Should there be illustrations in novels? My response? Of course there should! If we as a culture are moving from text-based articles to vlogs, from text-based books to audio books — and if many nonfiction works include illustrations as a matter of course, why should we omit visual enhancements from novels “just because”? At any rate, I have always loved illustrated fiction.
Ever since I was a little girl, I would spend hours studying the printed layout of classic books and how they looked overall. And I was always really enamored by those novels that included illustrations by the author.
Obviously one of the best examples is Tolkien, who was quite an accomplished map artist. But there are others who are lesser known. One was an author named Jean Webster from the 1910s. Her illustrations seemed stylistically evolved from stick figures, yet they sprang to life on the page and brought great character to the reading.
She wrote at the turn of the last century, evoking the Victorian tradition that encouraged women to excel at sketching or painting, and where every invitation seemed hand crafted. The era that Alcott wrote about was not so far removed from Webster’s own.
There are some more recent examples, albeit still from the 20th century. James Thurber comes to mind, creating charming and humorous illustrations for magazines and his own works alike. Leaving aside non-fiction writers like David Macaulay and John Muir, children’s book author-illustrators such as Robert McCloskey and Sven Nordqvist, and the graphic novel genre as a whole, other well-known authors who illustrated their own books include such luminaries as Louise Fitzhugh, Antoine de Saint-Exupéry, T. S. Eliot, Kahlil Gibran, Rudyard Kipling, Lewis Carroll, Edward Lear, Günter Grass, William Blake, and Kurt Vonnegut. And that just scratches the surface.
I could not find any examples after the 1970s, and that’s a shame, IMO. Because it’s one of the things I like best about about some of my favorite works of fiction. And I think it’s time to bring that tradition back.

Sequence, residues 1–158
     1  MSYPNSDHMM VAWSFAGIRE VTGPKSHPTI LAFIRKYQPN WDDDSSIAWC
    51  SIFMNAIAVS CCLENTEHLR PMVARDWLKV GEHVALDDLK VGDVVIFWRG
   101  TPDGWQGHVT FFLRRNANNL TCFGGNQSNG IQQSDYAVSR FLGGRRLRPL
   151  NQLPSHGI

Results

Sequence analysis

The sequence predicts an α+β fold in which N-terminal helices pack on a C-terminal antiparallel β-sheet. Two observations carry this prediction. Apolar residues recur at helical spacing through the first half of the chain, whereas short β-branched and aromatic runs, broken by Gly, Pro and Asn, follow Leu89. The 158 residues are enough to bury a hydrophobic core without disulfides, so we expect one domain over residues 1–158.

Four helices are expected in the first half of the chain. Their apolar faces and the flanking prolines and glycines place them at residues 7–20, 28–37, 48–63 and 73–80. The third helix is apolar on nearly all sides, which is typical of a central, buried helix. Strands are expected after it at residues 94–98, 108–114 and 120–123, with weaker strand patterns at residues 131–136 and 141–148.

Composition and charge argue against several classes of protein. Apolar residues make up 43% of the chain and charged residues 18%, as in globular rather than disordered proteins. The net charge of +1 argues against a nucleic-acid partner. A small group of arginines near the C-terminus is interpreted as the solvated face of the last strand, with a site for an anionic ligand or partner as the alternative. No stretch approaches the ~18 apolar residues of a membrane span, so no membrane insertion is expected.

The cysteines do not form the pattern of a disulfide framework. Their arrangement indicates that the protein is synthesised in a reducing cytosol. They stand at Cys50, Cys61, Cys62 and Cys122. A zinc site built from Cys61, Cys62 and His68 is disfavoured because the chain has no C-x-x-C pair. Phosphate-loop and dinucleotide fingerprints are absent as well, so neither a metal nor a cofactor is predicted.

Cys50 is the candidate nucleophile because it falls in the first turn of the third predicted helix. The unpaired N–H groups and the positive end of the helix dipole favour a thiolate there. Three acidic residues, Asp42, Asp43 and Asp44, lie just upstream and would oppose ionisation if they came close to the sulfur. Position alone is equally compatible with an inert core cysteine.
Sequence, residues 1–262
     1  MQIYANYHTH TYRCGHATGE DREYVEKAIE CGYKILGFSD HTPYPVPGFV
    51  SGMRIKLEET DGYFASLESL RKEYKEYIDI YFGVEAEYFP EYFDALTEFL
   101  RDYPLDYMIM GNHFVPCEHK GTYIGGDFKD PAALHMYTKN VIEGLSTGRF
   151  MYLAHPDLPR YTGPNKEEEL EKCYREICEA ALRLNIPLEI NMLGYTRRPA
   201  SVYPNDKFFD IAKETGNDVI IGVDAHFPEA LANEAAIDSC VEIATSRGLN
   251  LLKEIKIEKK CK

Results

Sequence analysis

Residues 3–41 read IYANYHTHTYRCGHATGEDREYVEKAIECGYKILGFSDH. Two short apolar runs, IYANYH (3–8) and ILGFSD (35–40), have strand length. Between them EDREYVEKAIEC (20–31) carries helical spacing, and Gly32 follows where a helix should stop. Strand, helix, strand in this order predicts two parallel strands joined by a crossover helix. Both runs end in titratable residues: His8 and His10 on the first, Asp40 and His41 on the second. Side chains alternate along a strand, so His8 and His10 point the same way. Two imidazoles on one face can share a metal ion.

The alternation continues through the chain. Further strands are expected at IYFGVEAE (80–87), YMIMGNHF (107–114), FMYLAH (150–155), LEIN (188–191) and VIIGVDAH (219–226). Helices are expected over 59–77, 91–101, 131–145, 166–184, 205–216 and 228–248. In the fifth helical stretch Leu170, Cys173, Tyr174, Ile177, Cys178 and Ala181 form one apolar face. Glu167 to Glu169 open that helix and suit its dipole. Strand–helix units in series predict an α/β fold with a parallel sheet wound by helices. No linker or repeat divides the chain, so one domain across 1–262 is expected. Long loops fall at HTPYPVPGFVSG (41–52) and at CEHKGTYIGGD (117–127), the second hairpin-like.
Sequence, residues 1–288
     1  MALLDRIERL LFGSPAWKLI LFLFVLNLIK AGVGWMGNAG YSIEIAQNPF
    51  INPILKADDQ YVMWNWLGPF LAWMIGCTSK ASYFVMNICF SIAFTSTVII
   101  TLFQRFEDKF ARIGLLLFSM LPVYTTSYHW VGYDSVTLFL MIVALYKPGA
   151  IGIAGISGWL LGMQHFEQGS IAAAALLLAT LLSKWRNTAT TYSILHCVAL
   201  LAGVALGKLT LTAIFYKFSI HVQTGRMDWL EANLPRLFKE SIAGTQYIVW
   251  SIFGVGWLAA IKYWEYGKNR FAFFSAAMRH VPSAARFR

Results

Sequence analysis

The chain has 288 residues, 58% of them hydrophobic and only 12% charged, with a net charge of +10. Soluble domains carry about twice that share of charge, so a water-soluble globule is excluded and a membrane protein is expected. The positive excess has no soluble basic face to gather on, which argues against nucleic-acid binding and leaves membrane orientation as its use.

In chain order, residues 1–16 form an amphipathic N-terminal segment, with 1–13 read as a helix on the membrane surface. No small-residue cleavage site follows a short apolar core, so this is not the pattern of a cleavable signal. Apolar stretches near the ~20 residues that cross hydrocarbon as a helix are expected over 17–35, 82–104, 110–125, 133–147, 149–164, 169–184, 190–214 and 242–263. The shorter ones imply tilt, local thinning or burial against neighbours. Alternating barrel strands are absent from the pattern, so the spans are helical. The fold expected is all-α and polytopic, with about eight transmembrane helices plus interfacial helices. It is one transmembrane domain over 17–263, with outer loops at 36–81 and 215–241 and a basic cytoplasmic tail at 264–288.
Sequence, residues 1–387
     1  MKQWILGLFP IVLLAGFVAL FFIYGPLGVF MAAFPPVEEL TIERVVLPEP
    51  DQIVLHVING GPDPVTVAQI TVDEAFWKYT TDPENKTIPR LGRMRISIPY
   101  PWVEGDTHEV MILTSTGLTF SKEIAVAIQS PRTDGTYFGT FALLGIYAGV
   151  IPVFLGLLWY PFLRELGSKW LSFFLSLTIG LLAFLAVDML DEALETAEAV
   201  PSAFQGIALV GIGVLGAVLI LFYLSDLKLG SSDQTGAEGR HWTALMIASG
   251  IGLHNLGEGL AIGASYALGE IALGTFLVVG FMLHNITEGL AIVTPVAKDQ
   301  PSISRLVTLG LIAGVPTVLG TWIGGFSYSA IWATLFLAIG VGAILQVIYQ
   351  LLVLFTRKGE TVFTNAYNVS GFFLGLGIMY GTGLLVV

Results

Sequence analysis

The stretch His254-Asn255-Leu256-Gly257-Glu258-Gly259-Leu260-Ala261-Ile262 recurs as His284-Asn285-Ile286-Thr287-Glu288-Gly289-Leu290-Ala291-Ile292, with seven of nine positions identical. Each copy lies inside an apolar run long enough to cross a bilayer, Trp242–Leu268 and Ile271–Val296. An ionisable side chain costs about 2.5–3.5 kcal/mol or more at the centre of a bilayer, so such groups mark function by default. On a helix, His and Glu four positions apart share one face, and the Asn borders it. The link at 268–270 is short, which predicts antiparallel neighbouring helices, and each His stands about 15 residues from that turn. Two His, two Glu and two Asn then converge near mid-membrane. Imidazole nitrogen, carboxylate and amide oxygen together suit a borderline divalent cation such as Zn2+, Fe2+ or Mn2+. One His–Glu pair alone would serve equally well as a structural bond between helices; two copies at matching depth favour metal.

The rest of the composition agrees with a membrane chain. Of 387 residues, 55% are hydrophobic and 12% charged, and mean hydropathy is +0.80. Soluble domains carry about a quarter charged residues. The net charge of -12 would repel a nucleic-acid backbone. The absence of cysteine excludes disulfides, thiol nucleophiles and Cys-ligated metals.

While I’m less accomplished at creating detailed illustrations, I have been officially perfecting my “casual” style for about a decade. When I look (way…) back at my portfolio from high school or grade school, my older pieces bear a strong resemblance to my sketches of today. In other words, while I may have some native talent, and while I have been deliberately honing it now for some time, all my drawings have something in common: they express my own energy, ideas, and views of the world. I don’t expect them to earn high accolades, but they are just as much a part of me as anything that I write.
My strongest motivation for including my own sketches in my debut novel (aside from being fond of them) is to encourage readers to express themselves — however raw or polished their style may be. Some might look at the illustrations in Dream Worlds and say, “those are pretty cute, and she’s not Picasso, but maybe I could do that too.” I want to encourage people to develop their own talent, without comparing themselves to anyone else. “Why can’t I pick up my pencil (or pen or tablet) and make a sketch I like and send it out there? Why shouldn’t I illustrate my own book?”
On a related note, how do you feel about authors who read their own audio books? My opinion is: if a writer wants to voice their own work, it should be encouraged. If you are publishing anything, either independently or through a traditional or hybrid publisher, and you want the original expression of your own voice to accompany your text, go for it! I have heard that some publishers may try to dissuade this practice — and so I pass on the best advice I’ve heard on the subject: you have the right to insist on it.
C Happy reading! D